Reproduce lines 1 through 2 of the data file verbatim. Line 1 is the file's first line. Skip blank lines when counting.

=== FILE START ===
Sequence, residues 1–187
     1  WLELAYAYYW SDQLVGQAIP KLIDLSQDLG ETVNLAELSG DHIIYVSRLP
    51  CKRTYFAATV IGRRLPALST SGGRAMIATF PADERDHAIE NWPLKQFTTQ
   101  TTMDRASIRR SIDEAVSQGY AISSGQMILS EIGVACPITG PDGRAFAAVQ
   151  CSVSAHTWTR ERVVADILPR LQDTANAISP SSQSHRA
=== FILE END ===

Sequence, residues 1–187
     1  WLELAYAYYW SDQLVGQAIP KLIDLSQDLG ETVNLAELSG DHIIYVSRLP